Joshua David Crown thought he was going to be a pastor when he was growing up.
His father was a minister in Sacramento, Calif. Crown went to a bible college. where he met a girl from Harford County, Maryland. They married when he was 19, both thinking Crown would one day become a preacher.
They moved to Maryland to be closer to her family and Crown started working for his father-in-law, who was a master craftsman. Crown discovered he like making things with his hands. But as he grew older, his interest in a religious life waned. He discovered he enjoyed wood working, but not working with other construction workers. His marriage fell apart as he set aside his goal of being a pastor.
“I used to want to be like Jesus, but I ended up a carpenter instead,” Crown said.
His interests gravitated toward artists working in wood and metal.
“They didn’t do it because that’s the only thing they could do,” Crown said. “They did it because they enjoyed it.”
What he enjoyed the most, he discovered, was becoming a furniture designer. Crown now owns a shop in once-industrial Woodbury, next to the more residential neighborhood of Hampton, where he has lived for five years.
A fascination with the unique
Looking back, Crown said he can easily see how his career path was influenced by the intersection of his interests in vintage style and working with wood.
He said he remembers the first time he walked into an antique store, filled with things that were “precious and unique” – things that he couldn’t buy at a box store. He said that the stories behind vintage items fascinated him. So it was natural for him to appreciate – and then start working with – reclaimed wood.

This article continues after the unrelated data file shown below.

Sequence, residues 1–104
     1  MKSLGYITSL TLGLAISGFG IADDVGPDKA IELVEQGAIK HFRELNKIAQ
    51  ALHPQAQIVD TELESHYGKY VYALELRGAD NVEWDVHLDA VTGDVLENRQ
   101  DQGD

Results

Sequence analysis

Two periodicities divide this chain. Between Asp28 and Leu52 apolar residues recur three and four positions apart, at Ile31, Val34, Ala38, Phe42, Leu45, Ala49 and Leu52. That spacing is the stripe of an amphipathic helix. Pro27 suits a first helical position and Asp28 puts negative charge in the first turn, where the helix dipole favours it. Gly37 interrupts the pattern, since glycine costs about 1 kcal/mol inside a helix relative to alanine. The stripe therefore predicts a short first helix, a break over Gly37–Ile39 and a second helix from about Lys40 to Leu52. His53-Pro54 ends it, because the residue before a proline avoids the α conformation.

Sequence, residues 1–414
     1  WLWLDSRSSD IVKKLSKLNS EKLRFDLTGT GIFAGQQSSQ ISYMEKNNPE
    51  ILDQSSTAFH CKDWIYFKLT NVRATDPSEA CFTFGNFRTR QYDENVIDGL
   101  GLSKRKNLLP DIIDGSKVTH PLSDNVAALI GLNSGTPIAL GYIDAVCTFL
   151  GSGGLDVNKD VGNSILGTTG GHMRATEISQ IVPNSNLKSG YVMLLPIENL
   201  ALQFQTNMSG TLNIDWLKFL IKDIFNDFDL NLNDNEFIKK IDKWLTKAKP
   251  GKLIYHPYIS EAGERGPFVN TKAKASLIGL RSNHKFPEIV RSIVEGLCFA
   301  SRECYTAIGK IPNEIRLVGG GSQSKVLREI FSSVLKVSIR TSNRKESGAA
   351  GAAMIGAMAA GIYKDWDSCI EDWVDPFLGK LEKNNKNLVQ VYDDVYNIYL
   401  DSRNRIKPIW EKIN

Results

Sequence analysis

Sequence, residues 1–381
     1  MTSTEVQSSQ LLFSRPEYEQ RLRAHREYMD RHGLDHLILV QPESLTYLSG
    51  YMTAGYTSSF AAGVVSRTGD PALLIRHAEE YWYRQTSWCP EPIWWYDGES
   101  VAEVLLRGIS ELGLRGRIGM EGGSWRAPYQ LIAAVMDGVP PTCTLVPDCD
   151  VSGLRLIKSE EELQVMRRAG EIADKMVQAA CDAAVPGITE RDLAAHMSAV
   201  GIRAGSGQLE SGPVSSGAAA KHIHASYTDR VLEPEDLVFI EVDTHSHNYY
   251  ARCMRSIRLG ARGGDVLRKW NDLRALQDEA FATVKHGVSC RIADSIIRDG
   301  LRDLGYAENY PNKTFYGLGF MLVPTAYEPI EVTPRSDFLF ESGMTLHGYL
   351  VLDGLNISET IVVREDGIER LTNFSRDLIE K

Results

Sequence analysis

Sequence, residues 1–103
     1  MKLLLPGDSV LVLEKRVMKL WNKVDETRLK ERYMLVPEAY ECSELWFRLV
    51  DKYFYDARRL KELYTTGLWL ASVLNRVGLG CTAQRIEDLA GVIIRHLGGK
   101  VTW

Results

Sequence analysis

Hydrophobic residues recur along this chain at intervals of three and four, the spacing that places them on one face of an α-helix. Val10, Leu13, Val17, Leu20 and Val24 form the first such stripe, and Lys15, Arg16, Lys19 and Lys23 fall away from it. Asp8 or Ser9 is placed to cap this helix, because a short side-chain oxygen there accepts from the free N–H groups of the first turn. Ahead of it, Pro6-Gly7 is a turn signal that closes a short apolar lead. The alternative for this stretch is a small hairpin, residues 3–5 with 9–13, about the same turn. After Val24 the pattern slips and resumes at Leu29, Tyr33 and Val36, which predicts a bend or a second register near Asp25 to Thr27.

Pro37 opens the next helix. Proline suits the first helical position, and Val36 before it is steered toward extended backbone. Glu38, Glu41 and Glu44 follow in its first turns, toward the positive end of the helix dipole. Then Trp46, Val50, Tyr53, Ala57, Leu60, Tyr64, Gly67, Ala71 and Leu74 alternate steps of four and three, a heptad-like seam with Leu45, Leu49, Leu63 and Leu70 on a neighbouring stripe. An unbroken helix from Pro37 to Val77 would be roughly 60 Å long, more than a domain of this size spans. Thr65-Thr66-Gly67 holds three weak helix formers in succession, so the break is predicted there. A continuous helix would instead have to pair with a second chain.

About a year and half ago, Crown said he discovered Brick + Board, a local non-profit that sells construction materials salvaged from century-old vacant buildings, and keeps a running stock of wood. Brick + Board is the retail branch of Humanin, a non-profit that owns Details, a company that employs ex-felons to deconstruct buildings by hand.
Max Pollock is the manager of material sales and distribution at both Details and Brick + Board.
In “any demolition project, an excavator would come, crush the building and everything would basically get mixed up into a pile that would then get loaded into trucks and sent to the landfill,” Pollock said. “When we do it,” Pollock said, “we take each component of the building apart individually, so every component of the house escapes intact.”
Details deconstructs around 100 to 150 houses a year, a process that is much slower and more expensive than regular demolitions, Pollock said. The resale value of the salvaged material makes the business economically viable. For example, if Brick + Board deconstructs a block of six row houses, Pollock estimates the deconstruction process will take about a month and will cost Details and Brick + Board about $15,000 per house.
“The city pays us a certain amount (about $10,000 per house), but it costs us more. So the way we close that gap is selling the materials,” Pollock said. In standard demolition, all the rubble goes straight into a landfill or incinerator, which costs Baltimore contractors $100 a ton for disposal.